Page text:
Adsorption isotherms can describe surface properties and the affinity of adsorbents, aiding the design of adsorption systems. Two conventional adsorption isotherms, the Langmuir (Eq. (4)) and Freundlich (Eq. (5)) models, were employed here to described TBBPA and Pb(II) adsorption equilibria [57]: 1 1 1 1 = + × , Qe Qmax KL Qmax Ce log(Qe ) =


1 log(Ce ) + log(KF ), n


where Qe is the adsorption capacity (mg g−1 ) at equilibrium, Ce the equilibrium concentration of the adsorbate (mg L−1 ), KL the adsorption equilibrium constant including the affinity of binding sites (L mg−1 ), and Qmax is the maximum adsorption capacity (mg g−1 ). Qmax and KL can be determined from the slope and intercept of a linearized plot of 1/Qe vs. 1/Ce (Fig. 11). KF and n are empirical constants that indicate the relative adsorption capacity and the adsorption intensity, respectively. The values of KF (mg1−1/n L1/n g−1 ) and n can be calculated from the intercept and slope of the linearized plot of log Qe vs. log Ce (Fig. 12). Table 2 Parameters of kinetics model for the adsorption of TBBPA and Pb(II) on MNP and MNP–CTS magnetic hybrid material. MNPs


Qexp (mg g ) Pseudo-second-order h (mg g−1 min) k2 (mg mg−1 min) Qe (mg g−1 ) R2










0.7041 2.107 18.28 0.9976

0.4458 0.4280 32.25 0.9955

1.084 1.657 25.57 0.9982

0.9267 0.2090 66.67 0.9930

L. Zhou et al. / Journal of Hazardous Materials 265 (2014) 104–114


Fig. 10. Plot of pseudo-second-order kinetic model for TBBPA (a) and Pb(II) (b) on MNP and MNP–CTS magnetic hybrid material.

Fig. 11. Adsorption isotherm of TBBPA (a) and Pb(II) (b) on MNP and MNP–CTS magnetic hybrid material following Langmuir model.

Fig. 12. Adsorption isotherm of TBBPA (a) and Pb(II) (b) on MNP and MNP–CTS magnetic hybrid material following Freundlich model.

Table 3 summarizes the Langmuir and Freundlich adsorption constants and the calculated regression coefficients (R2 ). The Freundlich isotherm provided much higher R2 values (R2 > 0.99) than did the Langmuir isotherm for the adsorption of TBBPA onto either composite, indicating its better fit with the experimental data. The Freundlich constants n were found to be greater than 1, which is favorable for adsorption [33]. The maximum monolayer adsorption capacity (Qmax ) of TBBPA onto MNP was calculated to be 30.65 mg g−1 and the corresponding value for MNP–CTS was 42.48 mg g−1 . This indicates the favorable effects of CTS on the removal of TBBPA, similar to the observations of Nobuyoshi et al. [58]. Hydroxyl groups in CTS are electron-donating functional groups that can increase the ␲-donating strength of the aromatic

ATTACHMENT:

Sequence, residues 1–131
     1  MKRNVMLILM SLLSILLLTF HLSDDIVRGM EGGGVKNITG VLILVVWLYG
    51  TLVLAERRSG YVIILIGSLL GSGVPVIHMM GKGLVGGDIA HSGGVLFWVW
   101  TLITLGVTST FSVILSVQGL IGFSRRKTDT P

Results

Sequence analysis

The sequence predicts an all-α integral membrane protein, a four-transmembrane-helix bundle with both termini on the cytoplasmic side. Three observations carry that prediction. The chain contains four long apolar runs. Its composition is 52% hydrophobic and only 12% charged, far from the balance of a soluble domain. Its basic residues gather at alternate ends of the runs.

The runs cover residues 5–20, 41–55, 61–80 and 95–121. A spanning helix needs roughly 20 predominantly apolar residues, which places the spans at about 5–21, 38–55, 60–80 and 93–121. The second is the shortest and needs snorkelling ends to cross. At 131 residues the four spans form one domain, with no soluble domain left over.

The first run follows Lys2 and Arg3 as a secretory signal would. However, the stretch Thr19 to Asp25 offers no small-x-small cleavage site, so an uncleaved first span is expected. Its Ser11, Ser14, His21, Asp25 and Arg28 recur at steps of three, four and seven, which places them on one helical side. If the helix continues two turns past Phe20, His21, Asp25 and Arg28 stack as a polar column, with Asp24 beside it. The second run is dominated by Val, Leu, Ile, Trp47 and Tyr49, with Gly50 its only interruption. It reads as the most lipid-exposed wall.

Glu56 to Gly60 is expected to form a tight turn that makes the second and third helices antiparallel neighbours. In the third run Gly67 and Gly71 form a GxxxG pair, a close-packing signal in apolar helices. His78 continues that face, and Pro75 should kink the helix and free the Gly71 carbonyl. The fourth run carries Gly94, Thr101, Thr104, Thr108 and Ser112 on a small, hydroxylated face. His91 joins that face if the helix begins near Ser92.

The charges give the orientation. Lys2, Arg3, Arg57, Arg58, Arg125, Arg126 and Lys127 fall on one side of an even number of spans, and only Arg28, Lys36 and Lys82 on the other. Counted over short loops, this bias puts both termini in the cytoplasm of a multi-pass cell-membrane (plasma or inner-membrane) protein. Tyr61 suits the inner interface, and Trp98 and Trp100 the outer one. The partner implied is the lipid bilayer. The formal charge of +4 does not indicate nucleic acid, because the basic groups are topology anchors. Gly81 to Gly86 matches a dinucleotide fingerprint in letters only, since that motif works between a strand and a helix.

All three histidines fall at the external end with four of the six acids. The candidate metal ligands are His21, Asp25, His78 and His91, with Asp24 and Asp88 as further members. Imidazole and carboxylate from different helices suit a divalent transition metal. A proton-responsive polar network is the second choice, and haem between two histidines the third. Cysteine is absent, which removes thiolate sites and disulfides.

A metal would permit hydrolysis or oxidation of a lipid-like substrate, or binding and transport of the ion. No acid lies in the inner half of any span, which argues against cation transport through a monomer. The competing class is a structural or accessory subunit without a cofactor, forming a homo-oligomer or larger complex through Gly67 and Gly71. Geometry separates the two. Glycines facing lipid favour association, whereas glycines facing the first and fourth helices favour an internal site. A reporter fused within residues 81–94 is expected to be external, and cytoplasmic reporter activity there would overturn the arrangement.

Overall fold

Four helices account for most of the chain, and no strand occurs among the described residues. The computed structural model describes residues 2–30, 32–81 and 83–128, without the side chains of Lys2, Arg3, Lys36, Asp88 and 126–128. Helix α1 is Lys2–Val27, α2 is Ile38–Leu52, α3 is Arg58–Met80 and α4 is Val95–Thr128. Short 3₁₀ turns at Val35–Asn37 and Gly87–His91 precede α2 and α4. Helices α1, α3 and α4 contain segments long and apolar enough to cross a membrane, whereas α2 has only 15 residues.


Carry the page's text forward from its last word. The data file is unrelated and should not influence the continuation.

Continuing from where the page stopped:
Table 3 Parameters of adsorption isotherms for the adsorption of TBBPA and Pb(II) on MNP and MNP–CTS magnetic hybrid material. MNPs

Langmuir Qmax (mg g−1 ) KL (L mg−1 ) R2 Freundlich KF (mg1−1/n L1/n g−1 ) n R2






30.65 0.1189 0.9800

66.31 0.0725 0.9955

42.48 0.1750 0.9831

140.4 0.6013 0.9978

3.796 1.5740 0.9967

4.955 1.484 0.9778

6.671 1.573 0.9934

47.51 1.609 0.9885


L. Zhou et al. / Journal of Hazardous Materials 265 (2014) 104–114

Fig. 13. The reusability of the MNP and MNP–CTS magnetic hybrid material for TBBPA (a) and Pb(II) (b).

ring of TBBPA. The adsorption of TBBPA onto MNP–CTS may be dominated by the ␲–␲ interaction between the electrons of the benzene-ring of TBBPA and the hexagonal skeleton of MWCNTs [32]. The Qmax value of TBBPA on MNP–CTS is higher than that previously reported for MWCNT/Fe3 O4 (22 mg g−1 ) by our research team [52]. The correlation coefficients for Pb(II) adsorption suggest that the Langmuir model better fits the adsorption data than does the Freundlich model. This indicates that the adsorption of Pb(II) onto either composite occurs via monolayer adsorption. Qmax values calculated from the Langmuir equation for Pb(II) adsorption were 66.31 mg g−1 for MNP and 140.1 mg g−1 for MNP–CTS. Compared to the crosslinking of chitosan adsorbent, the crosslinking method may reduce the presence of chitosan amino groups and reduce the adsorption capacity for Pb(II) [54]. Additionally, the aminofunctionalized Fe3 O4 exhibited relatively low surface area with limited distribution of amino groups, which reduced the adsorption capacity for Pb (II) [56]. Moreover, increases in the specific areas of carbon nanotubes with large numbers of –COOH groups resulted in increased adsorption capacity for Pb(II) [60]. Furthermore, the adsorption capacity of MNP–CTS was found to be higher than for other adsorbents (Table 4). These results indicated that MNP modified with CTS exhibits improved Pb(II) adsorption due to the high specific surface area and the increased availability of coordinating functional groups provided by Chitosan and amine residues on MNP–CTS. Overall, the MNP–CTS composite showed superior adsorption properties, and appears to be a promising adsorbent for the removal of pollutants. The reusability of the two composites for TBBPA and Pb(II) adsorption was also evaluated (Fig. 13). Five repeated adsorption and desorption cycles were run. Both composites adsorbed TBBPA consistently well, maintaining at least 91% of adsorption capacity after five cycles (Fig. 13a). After similar cycling, MNP showed a loss of adsorption capacity for Pb(II) of 12.2%, while MNP–CTS showed an 8% loss (Fig. 13b). The fact that both composites exhibited excellent reusability suggests that they remained stable during desorption. The magnetic hybrid materials with adsorbed TBBPA or